00:44:19   wasn't really so much a choice as to, "Okay, this is good enough." It was like, "We've got to launch

00:44:23   no matter what right now because, you know, we've either got to launch or renew this deal with

00:44:29   Google that we don't want to renew.

00:44:31   Well, think about in the age, well, in really any age since Yahoo, but definitely, whether

00:44:40   it's AltaVista or Jeeves or Google or Bing or whatever, don't say porn.

00:44:45   But what's the first thing everybody looks for when they go and search?

00:44:50   You search on your name.

00:44:52   So if you search for your name, I mean, let's be honest.

00:44:54   And porn.

00:44:55   And porn.

00:44:56   Yeah.

00:44:57   John Gruber porn. 17 million returns. Just to make sure nothing comes up. I don't want

00:45:07   to know. But if you went, so like, you know, especially back in the day when there was

00:45:13   still the potential of somebody unseating Google as the king of that, and I guess, you

00:45:17   know, a lot of people like Bing, whatever. But whenever anything new comes along where

00:45:21   there might be information about you about, that's the first thing you do. And then you

00:45:23   evaluate you within the period of like what 90 seconds you might make a overarching decision

00:45:31   about the quality of that based on how that comports with your own idea of what should

00:45:34   be there in what order right so you know if it doesn't find anybody with your name at

00:45:40   all you might go wow that's that this is garbage and i think the same is true with siri where

00:45:44   like even when you would try the um the stock searches on it and it was you know sometimes

00:45:50   Sometimes it would just have trouble and you didn't know why. It would just say whatever

00:45:53   Siri is on available right now. You know, whereas, I mean, again, you open up something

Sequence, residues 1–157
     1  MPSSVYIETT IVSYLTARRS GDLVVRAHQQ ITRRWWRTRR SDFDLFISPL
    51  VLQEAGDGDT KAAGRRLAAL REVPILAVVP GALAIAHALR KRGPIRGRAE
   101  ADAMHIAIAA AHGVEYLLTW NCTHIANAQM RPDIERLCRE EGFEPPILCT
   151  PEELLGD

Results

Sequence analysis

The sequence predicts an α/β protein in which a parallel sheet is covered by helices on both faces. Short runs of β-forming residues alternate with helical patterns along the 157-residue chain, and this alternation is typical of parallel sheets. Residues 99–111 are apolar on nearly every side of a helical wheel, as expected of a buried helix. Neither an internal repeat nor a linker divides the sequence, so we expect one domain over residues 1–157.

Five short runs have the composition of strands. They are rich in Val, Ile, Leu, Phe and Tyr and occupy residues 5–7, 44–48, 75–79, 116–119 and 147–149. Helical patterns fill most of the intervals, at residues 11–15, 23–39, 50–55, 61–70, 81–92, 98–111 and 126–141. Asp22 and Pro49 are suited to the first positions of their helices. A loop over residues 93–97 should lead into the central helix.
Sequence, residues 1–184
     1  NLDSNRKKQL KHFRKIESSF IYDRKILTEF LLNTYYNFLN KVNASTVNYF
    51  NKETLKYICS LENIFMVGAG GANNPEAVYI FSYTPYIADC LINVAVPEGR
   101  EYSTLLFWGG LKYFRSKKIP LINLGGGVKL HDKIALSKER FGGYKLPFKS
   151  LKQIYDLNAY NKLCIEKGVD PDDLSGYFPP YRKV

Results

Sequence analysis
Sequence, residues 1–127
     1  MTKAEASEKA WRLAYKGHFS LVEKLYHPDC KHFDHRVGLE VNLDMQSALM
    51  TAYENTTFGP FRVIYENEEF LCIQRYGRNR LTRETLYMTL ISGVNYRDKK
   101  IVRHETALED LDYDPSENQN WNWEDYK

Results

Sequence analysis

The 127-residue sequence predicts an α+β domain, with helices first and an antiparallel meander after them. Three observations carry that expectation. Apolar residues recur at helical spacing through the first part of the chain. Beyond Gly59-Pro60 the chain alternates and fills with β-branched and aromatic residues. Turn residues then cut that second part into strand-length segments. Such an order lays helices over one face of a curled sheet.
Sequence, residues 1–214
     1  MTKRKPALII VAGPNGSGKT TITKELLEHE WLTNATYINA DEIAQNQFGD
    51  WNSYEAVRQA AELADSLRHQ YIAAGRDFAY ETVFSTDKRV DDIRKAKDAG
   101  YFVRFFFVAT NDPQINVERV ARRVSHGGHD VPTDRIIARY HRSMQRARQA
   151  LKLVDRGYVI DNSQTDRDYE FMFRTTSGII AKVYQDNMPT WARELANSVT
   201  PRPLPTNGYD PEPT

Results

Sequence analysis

00:45:57   like Hound and the completely banana stuff you can do with Hound, it's so fast and so

00:46:02   good at parsing really complex stuff. But you know what? Guess what? Hound does not

00:46:07   have a little button on the device. So it's going to lose it that in the same way that

00:46:11   any other device. So, you know, is Siri just recognition? No, Siri is also the fact that

00:46:17   There's a button that connects with your contacts that can do functional things.

00:46:20   Nothing else can do that in the Apple ecosystem right now.

00:46:23   And even more now, it's not just the button, it's the always listening microphone for Jodungas.

00:46:31   That's where I am feeling what people felt with Siri.

00:46:34   I have a terrible time.

00:46:36   We talked about this somewhere.

00:46:37   I know, it's on Twitter.

00:46:40   My slugging percentage on Jodungas, even when it's plugged in, not great.

00:46:46   I still gain percentage for yo dingus on my Apple watch is not stellar. I mean,

00:46:49   it's, it's pretty bad and other people seem to have zero problem with it.

00:46:53   And I don't know why.

00:46:54   I don't know either. I, I've, I, I, I forgot.

00:46:59   I honestly forgot that Apple watch had yo dingus. I,

00:47:03   cause it was so bad at first.

00:47:04   And then when we had that discussion on Twitter recently,

00:47:07   I thought let me start trying it again. And it seems better, uh,

00:47:11   than it was when I gave up on it. Um,

00:47:16   I'm the worst at demos, because every time I want to show something amazing,

00:47:19   a little Quicksilver-style thing I want to demo for somebody,

00:47:21   the thing that I want to show that's amazing never works.

00:47:24   And when I want to-- conversely, when I want to demonstrate how something never

00:47:27   works, it always works.

00:47:28   So in bitching about this the other day on Back to Work, I invoked Yodingas.

00:47:32   And I looked down, and my Apple Watch was recording everything

00:47:34   that I was saying.

00:47:37   [HUMMING]

00:47:43   So machine learning and AI, doesn't it feel a bit like the Google I/O announcements have

00:47:50   slightly attenuated and slightly pivoted the way we talk about this stuff?

00:47:57   Like I did not hear so many people talking about AI and machine learning two months ago

00:48:01   as much as I do now.

00:48:02   It feels like they have already had a, I feel like anyway, they've had a role in directing

00:48:06   this discussion even though there's a bunch of unreleased stuff to which that refers.

00:48:12   I think so. I definitely think so. I could be wrong. I just feel like

00:48:16   usually people would say specifically, "Oh, I love my Echo.

00:48:19   There's things I like about Siri, etc." But now that Google's in the game,

00:48:24   I think people might be taking it a little more seriously.

00:48:28   I think so too, and I think that it's

00:48:32   just so...couldn't be more in their wheelhouse.

00:48:35   And that gets...somewhat gets into Marco's argument that

00:48:39   it just does it there's from a certain viewpoint it looks like how could apple ever catch up to

00:48:45   google in this regard in the same way that it doesn't i don't think i think you can make the